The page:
04-19-21 | Feature

The International Dark-Sky Association

A Conversation with Executive Director Ruskin Hartley
by Aaron Schmok, LASN

In 2016, Grand Canyon National Park began a program to remove thousands of lighting fixtures around the park to eliminate light pollution. Their efforts resulted in 5,000 fixtures being replaced with IDA compliant alternatives in 2019. Photo by Royce Bair
The International Dark-Sky Association (IDA) is a nonprofit organization and the recognized authority on light pollution. They are the leading association on combating light pollution worldwide through educating policymakers and the public about night sky conservation and promoting environmentally responsible outdoor lighting.
Capitol Reef National Park spans 242,000 acres in southern central Utah. The park underwent a multi-year program dedicated to educate park staff and visitors and to adopt strong lighting practices to preserve the night sky. Capitol Reef was recognized as a IDA Park in 2015. Photo by Royce Bair
Artificial lighting on sea turtle nesting beaches has been shown to repel adult females searching for nest sites and prevent hatchlings from safely reaching the ocean by drawing them toward the light instead of the sea.
This illustration is a visual guide that depicts the differences between what IDA considers unacceptable, unshielded light fixtures and fully shielded fixtures that minimize skyglow, glare and light trespass. The narrow profile wall mounted luminaire from Ligman is an example of an IDA certified fixture.
This illustration is a visual guide that depicts the differences between what IDA considers unacceptable, unshielded light fixtures and fully shielded fixtures that minimize skyglow, glare and light trespass. The narrow profile wall mounted luminaire from Ligman is an example of an IDA certified fixture.
Arches National Park in Moab, Utah was recognized as a National Dark Sky Park in July 2019. Park rangers in Arches have led educational astronomy demonstrations and events since 2012. Their Dark Sky certification has helped support these programs and their commitment to maintain an unpolluted night. Photo by Bettymaya Foott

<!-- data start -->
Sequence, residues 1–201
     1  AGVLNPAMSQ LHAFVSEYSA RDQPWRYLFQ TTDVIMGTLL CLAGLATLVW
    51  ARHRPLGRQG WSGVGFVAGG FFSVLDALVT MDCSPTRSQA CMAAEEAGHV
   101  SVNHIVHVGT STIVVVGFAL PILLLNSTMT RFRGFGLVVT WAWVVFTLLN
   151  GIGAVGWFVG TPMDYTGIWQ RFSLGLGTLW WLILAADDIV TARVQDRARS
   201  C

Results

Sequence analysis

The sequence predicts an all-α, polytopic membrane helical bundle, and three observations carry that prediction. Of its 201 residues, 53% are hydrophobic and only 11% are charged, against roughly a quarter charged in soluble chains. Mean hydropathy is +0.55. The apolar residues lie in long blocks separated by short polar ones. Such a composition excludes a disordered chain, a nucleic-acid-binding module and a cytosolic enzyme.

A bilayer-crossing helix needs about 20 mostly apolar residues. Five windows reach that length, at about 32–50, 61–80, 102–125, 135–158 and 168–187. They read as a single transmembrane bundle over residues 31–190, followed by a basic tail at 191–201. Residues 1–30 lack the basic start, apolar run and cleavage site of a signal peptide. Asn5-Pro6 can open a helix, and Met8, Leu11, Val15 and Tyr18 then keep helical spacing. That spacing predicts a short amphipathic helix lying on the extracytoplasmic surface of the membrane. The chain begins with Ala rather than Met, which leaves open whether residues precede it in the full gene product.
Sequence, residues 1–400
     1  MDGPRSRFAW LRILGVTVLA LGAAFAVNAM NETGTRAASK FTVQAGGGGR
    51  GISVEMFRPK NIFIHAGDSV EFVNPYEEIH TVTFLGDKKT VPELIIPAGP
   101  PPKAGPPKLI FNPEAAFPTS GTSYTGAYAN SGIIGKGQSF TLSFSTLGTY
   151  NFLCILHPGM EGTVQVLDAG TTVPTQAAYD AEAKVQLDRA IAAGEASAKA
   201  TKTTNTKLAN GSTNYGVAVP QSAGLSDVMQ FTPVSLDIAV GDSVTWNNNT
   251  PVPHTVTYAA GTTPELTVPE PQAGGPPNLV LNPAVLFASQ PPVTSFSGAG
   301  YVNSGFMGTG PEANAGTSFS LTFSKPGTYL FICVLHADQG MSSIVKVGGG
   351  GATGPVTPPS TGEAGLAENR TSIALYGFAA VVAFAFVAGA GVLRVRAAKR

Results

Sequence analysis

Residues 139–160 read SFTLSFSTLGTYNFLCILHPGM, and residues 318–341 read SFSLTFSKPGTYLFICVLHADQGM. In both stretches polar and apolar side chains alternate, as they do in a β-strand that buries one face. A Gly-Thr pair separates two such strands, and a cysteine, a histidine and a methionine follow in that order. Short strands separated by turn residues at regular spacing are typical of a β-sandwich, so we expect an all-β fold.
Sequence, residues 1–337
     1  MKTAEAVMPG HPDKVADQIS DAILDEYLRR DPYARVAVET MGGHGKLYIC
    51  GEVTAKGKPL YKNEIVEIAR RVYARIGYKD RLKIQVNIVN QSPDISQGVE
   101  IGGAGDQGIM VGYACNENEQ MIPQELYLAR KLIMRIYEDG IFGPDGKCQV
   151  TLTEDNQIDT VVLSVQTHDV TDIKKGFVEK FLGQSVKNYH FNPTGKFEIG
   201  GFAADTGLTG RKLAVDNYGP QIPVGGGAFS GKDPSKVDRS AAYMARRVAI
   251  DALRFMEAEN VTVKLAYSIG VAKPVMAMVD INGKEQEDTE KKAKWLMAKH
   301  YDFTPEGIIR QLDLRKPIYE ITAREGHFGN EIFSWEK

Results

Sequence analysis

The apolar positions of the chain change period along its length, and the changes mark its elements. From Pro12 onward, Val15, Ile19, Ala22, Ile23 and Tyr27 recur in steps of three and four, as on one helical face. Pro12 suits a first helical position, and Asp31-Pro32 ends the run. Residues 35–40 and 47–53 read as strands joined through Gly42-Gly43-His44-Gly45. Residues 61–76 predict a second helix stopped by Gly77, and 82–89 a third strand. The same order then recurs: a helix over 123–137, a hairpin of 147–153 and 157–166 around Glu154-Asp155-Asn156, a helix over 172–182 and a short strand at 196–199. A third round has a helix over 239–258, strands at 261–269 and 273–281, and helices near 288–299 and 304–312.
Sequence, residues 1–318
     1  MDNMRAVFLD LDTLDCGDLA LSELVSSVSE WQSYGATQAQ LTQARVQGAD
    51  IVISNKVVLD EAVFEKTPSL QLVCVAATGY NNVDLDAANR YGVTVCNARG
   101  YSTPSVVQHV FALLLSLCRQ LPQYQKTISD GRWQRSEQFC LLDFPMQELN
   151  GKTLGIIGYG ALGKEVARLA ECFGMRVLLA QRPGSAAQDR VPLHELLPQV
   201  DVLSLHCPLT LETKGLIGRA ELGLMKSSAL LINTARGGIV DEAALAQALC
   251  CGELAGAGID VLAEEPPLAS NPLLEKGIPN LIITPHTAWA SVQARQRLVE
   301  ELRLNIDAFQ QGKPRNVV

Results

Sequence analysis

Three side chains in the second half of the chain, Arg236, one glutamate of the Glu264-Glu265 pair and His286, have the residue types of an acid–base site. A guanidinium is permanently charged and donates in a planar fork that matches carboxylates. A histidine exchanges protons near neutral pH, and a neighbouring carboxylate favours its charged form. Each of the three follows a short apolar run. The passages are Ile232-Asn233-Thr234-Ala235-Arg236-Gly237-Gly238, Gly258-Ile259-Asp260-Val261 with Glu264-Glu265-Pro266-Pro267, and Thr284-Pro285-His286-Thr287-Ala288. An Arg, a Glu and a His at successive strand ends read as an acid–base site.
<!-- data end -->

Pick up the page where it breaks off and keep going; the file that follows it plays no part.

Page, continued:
As a proxy to wavelength measurements, many people use correlated color temperature, which is measured in Kelvin, for the spectrum of light. The lower the Kelvin number the more benign the fixture will be. There are many fixtures with under 3000 Kelvin bulbs and many are coming onto the market with under 2200 Kelvin and many of those have much fewer blue light emissions. IDA recommends using light sources with the least short wavelengths emmissions as possible.

About the Association
The International Dark-Sky Association (IDA) was founded 32 years ago in Tucson, AZ where they currently have a small professional staff. The international organization relies on their supporters and network of advocates around the world, having people active in 50 countries around the world in every inhabited continent, to help raise awareness about light pollution. The association has found success through providing tools and resources to help combat the issue of light pollution, and by sharing success stories about where people have incorporated effective lighting to make connections so that people don't feel so alone in their efforts.

IDA believes in recognizing best practices with one of their signature programs being International Dark-Sky Places Program. It's been around for 20 years now taking place in 174 locations around the world protecting more than 110,000 square kilometers of land. Each of these areas have common characteristics; They are places where, being community parks or large landscapes that value dark skies. Through this program the association is going to take all the steps they can to use light responsibly while also educating people and inform people about the value of natural darkness and what responsible lighting can do.